Republican cuts to food stamps would impact thousands of Virgin Islanders
Published: September 23, 2013
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ST. THOMAS - Local officials expressed dismay about House Republicans' efforts to cut nearly $40 billion from the Supplemental Nutrition Assistance Program, more commonly known as food stamps, during the course of the next 10 years.
The Nutrition Reform and Work Opportunity Act of 2013, which proposes the cuts, was approved in the House late Thursday on a vote of 217-210 strictly along partisan lines. The bill would drop 3.8 million people from SNAP's enrollment by the end of 2014. It also would require adults between 18 and 50 without minor children to find a job or to enroll in a work-training program to receive benefits.
Republican leaders said the bill is needed because the program has expanded to a cost of $80 billion a year, even as the economy is recovering from the recession and as jobless rates continue to decline. The program is projected to cost more than $700 billion during the next 10 years, even if the cuts are enacted.
The president has vowed to veto the bill, and Senate leaders have said the bill has no chance of passing.
According to the V.I. Human Services Department's Fiscal Year 2014 budget, the number of SNAP recipients has grown from 16,915 in 2007 to 32,327 in 2013.
A total of 14,489 households received the benefits in FY 2013, a 3 percent increase from FY 2012. Of the FY 2103 recipients, 15.3 percent were employed.
During FY 2013, Human Services distributed $57 million in SNAP benefits, $4 million more than the previous year, according to Human Services Commissioner Christopher Finch.
Delegate to Congress Donna Christensen joined House Democrats in opposing the measure.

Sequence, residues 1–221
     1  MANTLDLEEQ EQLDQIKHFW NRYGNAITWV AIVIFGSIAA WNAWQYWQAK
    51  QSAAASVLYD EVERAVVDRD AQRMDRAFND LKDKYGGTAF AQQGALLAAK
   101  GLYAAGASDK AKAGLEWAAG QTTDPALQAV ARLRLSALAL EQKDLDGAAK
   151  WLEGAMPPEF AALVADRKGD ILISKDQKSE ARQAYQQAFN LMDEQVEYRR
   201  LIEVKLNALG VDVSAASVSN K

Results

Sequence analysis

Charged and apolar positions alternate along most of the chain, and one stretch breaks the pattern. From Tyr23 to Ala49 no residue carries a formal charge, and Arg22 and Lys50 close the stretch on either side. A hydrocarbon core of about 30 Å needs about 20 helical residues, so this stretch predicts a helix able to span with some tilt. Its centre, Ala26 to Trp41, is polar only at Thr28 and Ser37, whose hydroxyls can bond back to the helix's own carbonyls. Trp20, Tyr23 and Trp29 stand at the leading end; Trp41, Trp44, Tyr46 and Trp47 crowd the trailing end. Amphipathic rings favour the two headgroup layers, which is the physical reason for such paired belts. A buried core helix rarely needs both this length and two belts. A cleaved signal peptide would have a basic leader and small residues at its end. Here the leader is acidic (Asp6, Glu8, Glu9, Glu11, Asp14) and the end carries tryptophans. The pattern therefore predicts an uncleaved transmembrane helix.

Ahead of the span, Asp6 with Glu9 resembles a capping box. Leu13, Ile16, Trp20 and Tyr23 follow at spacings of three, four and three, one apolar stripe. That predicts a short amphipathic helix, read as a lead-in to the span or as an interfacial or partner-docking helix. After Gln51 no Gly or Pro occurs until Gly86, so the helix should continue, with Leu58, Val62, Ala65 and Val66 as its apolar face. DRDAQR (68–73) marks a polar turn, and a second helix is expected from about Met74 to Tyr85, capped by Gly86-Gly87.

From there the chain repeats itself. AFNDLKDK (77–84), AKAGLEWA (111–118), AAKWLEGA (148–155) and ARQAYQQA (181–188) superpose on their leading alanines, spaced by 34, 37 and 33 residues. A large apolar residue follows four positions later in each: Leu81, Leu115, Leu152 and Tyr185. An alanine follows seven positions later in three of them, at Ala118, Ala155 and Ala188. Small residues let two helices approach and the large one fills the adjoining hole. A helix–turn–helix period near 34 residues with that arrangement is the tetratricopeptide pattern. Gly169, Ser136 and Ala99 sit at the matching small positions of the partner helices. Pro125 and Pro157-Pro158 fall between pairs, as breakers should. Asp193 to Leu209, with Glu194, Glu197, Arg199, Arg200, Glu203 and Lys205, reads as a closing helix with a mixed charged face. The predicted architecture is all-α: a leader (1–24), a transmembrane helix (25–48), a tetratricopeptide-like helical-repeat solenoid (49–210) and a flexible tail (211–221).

"SNAP has already been reduced to dangerous levels, and this is in addition to the drop in benefits that will occur when the provisions of the American Recovery and Reinvestment Act expire at the end of October," Christensen said in a press release. "I am glad that not one Democrat voted for it."
Specifically, Christensen protested provisions in the bill that would withdraw SNAP benefits from those who participate in the Low-Income Home Energy Assistance Program. In statements on the House floor, she cited the high cost of energy in the territory and the many households in the Virgin Islands receiving SNAP benefits.
Another provision of the Republican bill that Christensen objected to was one removing the ability of states experiencing high unemployment to request waivers to time limitations for able-bodied adults without dependents.
"I can tell you as the representative of a territory whose unemployment has skyrocketed due to a plant closure, through no fault of the workers who are left behind and must now utilize food stamps even though they prefer to work, this would be catastrophic and leave many people without resources," Christensen said in a debate of the bill.
Finch called the bill "mean-spirited" and said it defies a "basic social contract" that ensures that the poor, particularly the working poor, would not be left without basic necessities.
He also said that SNAP recipients should not panic, as the likelihood of the bill's passage through the Senate is slim.
However, the present mood of Congressional lawmakers, particularly those in the House bent on fiscal reform and focused on the national deficit, may mean that this is the first of many battles to be pitched over social services programs that escaped slashing by conservatives during the recession.
Finch cited as concerns the effects of sequestration on other social service programs, such as HeadStart and Meals on Wheels, an earlier cut to SNAP funding that already passed Congress and the many attempts to undermine the Affordable Care Act by Congressional Republicans.
"I don't think it's likely that we will see cuts this massive, but there seems there will likely be some reduction in SNAP benefits," Finch said. "Yes, there is very much this attack, and yet you don't see any serious national discussion in Congress about raising the minimum wage."
- Contact Amanda Norris at 714-9104 or email firstname.lastname@example.org.